•  A study of briefer functional remediation treatment also found improvement in patients with bipolar I disorder; however, another study found that 12 weeks of functional remediation was not effective in patients with bipolar I disorder, with the authors suggesting that a longer, more intensive intervention might be necessary.18,19
  • "Due to the fast advance in information and communication technology issues, one challenge in cognitive remediation is to implement computerized neurocognitive treatments in an effective manner. This kind of intervention delivery makes easier the accessibility to patients engaged in working life as well as to younger users who are familiar with new technologies," the researchers noted.
  • Strategies to enhance social cognition: an intervention intended to improve emotion perception, attributional style, and theory of mind. Results from 1 study showed that "[it] was found to be effective at improving...social cognition domains but not social functioning."20
  • Mindfulness-based interventions: Some studies have seen success in mindfulness-based interventions at reducing anxiety and depression, or as an adjunct to medication.18,21,22
  • Transcranial magnetic stimulation and deep transcranial magnetic stimulation: Although some studies have shown these treatments to improve working memory, psychomotor speed, and visuospatial memory, other results have contradicted these findings.23,24,25
  • "Therefore, studies with brain stimulation techniques are still rare in BD, and more studies will be required to assess the magnitude of effects compared with placebo and the durability of them," the researchers wrote. "Even so, these extant studies raise several methodological considerations to keep in mind for further studies in order to achieve a potential cognitive enhancement.... Therefore, as noted, interventions focused on the enhancement of cognition and psychosocial functioning in bipolar patients are still in the early stages, and further research is needed to find the key components of cognitive and/or functional remediation."

Preventing Cognitive Impairment With Multiple Strategies

It is important that clinicians prevent cognitive impairment with multiple strategies. For example, because cognitive impairment seems to be present from the first manic episode, interventions are needed in the early stages to avoid affective recurrences and to reverse neurocognitive deficits.16 "After achieving the remission of an acute episode, it will be necessary to use an effective pharmacotherapy for relapse prevention, implement psychoeducation programs to avoid multiple episodes, and promote healthy habits," the researchers wrote.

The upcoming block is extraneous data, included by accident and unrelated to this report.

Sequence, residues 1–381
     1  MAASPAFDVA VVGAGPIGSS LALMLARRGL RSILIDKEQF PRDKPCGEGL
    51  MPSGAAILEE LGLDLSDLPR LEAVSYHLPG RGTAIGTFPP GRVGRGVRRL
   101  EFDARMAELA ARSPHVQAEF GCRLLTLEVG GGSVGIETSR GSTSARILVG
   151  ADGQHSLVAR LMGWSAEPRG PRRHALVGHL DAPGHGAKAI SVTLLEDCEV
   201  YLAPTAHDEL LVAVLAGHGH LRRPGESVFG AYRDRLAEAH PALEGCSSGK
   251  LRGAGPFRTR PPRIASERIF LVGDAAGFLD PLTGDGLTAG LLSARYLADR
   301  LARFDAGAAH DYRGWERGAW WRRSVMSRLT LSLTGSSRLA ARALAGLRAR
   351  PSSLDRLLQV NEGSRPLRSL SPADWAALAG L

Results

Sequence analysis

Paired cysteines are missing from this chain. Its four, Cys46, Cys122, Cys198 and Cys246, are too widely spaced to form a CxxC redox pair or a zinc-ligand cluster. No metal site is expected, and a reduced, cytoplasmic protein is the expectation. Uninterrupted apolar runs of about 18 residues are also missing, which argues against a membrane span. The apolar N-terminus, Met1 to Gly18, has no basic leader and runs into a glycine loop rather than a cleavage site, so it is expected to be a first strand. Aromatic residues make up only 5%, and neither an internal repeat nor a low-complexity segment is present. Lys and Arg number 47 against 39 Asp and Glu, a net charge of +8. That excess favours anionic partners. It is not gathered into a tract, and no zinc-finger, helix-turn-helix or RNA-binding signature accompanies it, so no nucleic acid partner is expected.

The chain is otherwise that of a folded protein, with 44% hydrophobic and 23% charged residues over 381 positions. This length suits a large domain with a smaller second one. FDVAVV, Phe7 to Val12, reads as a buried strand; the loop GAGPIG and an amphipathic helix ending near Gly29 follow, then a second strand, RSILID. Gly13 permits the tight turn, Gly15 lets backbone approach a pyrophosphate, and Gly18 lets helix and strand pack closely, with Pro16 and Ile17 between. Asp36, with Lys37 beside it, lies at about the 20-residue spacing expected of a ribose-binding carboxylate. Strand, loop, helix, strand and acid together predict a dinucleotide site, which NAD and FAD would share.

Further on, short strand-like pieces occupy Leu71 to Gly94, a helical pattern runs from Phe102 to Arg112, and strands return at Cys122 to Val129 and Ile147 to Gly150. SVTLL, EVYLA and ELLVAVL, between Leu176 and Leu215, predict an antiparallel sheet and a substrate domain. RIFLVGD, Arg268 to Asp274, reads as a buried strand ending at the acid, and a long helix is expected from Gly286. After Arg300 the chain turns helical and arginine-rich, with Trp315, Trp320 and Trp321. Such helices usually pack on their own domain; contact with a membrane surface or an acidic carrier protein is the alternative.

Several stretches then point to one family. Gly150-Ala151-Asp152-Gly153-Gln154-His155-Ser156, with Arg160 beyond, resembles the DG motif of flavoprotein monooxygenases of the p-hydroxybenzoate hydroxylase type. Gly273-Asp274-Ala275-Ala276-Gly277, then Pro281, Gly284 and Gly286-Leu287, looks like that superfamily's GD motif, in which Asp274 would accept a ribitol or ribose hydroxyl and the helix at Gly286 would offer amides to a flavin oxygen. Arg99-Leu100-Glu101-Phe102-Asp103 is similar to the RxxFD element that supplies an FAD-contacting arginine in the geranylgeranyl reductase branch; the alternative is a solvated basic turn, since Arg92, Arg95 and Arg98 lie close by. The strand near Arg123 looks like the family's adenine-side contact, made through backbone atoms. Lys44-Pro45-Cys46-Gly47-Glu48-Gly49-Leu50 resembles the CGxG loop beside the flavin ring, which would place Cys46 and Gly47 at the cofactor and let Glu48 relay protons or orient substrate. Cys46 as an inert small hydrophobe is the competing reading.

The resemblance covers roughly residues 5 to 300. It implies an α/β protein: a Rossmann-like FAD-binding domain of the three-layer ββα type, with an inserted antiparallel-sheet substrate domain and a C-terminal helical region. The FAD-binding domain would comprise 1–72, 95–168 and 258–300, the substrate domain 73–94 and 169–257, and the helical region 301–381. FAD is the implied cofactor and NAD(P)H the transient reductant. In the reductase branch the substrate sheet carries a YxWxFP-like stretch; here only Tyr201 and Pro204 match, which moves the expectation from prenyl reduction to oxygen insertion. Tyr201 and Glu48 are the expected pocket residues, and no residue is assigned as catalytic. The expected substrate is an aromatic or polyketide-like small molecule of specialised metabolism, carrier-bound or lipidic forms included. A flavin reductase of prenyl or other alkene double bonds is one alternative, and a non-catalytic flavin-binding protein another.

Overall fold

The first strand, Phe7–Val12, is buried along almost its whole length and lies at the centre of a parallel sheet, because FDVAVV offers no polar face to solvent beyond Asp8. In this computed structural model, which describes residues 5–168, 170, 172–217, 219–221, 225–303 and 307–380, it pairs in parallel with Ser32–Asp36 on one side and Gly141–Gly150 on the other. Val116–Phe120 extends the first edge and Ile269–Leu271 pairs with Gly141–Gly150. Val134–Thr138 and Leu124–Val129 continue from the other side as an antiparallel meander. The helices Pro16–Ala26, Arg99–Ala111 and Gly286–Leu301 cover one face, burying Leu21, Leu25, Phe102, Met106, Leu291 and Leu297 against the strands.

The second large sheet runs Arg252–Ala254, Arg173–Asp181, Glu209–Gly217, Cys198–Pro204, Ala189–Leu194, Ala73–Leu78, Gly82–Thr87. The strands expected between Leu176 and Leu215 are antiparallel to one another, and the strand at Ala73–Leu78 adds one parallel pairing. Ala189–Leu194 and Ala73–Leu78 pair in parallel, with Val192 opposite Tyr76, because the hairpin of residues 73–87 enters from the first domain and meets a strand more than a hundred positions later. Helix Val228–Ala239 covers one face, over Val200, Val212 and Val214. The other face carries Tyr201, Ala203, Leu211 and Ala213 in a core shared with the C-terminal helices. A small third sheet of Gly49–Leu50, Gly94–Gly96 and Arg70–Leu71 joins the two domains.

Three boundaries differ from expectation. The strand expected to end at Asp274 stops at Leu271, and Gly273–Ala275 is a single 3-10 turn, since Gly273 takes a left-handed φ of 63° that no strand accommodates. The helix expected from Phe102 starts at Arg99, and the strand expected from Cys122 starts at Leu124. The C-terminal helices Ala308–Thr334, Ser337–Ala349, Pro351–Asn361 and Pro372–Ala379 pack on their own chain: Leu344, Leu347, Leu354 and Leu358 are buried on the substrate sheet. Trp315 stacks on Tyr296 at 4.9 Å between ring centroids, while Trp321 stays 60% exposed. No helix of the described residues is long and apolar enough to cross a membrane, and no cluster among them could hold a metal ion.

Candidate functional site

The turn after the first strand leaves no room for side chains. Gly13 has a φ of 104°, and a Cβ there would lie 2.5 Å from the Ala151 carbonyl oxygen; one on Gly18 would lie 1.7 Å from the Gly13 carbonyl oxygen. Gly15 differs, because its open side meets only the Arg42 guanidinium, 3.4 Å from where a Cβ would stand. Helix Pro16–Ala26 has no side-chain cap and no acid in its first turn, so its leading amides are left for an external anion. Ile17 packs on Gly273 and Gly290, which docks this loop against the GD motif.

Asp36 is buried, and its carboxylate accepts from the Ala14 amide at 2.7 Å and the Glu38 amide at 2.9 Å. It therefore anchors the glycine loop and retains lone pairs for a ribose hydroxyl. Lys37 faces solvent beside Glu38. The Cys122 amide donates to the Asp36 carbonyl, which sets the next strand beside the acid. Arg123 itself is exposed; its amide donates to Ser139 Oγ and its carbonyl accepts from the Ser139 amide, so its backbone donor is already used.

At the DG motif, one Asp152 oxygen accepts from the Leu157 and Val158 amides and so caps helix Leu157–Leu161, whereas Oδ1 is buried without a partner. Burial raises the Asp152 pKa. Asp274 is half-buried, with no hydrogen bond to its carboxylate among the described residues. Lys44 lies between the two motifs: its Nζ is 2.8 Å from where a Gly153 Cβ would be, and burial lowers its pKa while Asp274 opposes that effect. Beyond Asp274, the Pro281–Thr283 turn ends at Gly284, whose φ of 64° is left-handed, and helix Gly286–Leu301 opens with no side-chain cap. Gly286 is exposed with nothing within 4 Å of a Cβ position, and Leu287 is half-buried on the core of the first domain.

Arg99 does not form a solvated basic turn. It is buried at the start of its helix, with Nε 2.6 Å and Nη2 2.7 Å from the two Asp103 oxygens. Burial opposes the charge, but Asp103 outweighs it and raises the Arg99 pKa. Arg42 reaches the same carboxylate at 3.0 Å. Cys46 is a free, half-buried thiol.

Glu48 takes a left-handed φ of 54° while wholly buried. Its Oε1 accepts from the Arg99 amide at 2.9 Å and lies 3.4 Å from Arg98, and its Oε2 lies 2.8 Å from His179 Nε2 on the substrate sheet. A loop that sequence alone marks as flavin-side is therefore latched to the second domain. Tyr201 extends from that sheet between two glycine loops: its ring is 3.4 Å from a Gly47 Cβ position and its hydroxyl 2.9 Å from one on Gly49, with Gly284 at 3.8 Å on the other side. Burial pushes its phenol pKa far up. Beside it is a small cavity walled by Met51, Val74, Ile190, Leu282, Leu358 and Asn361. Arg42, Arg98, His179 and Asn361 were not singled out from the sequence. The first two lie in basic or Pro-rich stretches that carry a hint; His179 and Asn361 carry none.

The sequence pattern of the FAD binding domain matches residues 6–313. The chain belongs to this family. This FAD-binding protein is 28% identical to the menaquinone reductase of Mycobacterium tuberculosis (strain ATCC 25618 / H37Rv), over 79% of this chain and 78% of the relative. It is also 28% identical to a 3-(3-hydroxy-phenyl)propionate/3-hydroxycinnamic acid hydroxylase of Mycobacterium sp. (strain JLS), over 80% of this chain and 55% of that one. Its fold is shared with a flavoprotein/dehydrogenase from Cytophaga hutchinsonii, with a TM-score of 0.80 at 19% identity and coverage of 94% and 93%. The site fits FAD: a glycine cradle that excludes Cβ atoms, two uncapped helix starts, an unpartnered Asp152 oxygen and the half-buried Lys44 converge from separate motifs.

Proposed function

Another step to treating cognitive impairment in bipolar disorder is to identify and treat subclinical symptoms and comorbidities, including substance use disorder, anxiety, attention deficit hyperactivity disorder, and obesity.

Conclusion

"Neurocognitive impairment needs to be considered a therapeutic clinical target in order to improve both psychosocial functioning and quality of life of patients with [bipolar disorder]," the researchers wrote. "Available evidence underscores that cognitive dysfunction is a critical mediator of adverse psychosocial outcomes in [bipolar disorder] and a predictor of unfavorable employment outcomes."

Despite increased research in the last decade, no robust evidence of interventions for cognitive impairment in bipolar disorder is currently available. Further research is needed to draw any firm conclusions.

Disclosures: Dr Martinez-Aran has served as speaker or advisor for the following companies: Bristol-Myers Squibb, Otsuka, Lundbeck and Pfizer. Dr Vieta has received grants, CME-related honoraria, or consulting fees from AB-Biotics, Actavis, Alexza, Almirall, Allergan, AstraZeneca, Bristol-Myers Squibb, Cephalon, Dainippon Sumitomo Pharma, Eli Lilly, Ferrer, Forest Research Institute, Gedeon Richter, GlaxoSmithKline, Janssen, Janssen-Cilag, Jazz, Johnson & Johnson, Lundbeck, Merck, Novartis, Organon, Otsuka, Pfizer, Pierre-Fabre, Qualigen, Roche, Sanofi-Aventis, Schering-Plough, Servier, Shire, Solvay, Sunovion, Takeda, Teléfónica, Teva, the Spanish Ministry of Science and Innovation, the Brain and Behaviour Foundation, the Seventh European Framework Programme, the Stanley Medical Research Institute, United Biosource Corporation, and Wyeth. Dr Carvalho received speaker honoraria from Abbott, GlaxoSmithKline, Lundbeck, Pfizer, and Ache. 

 

References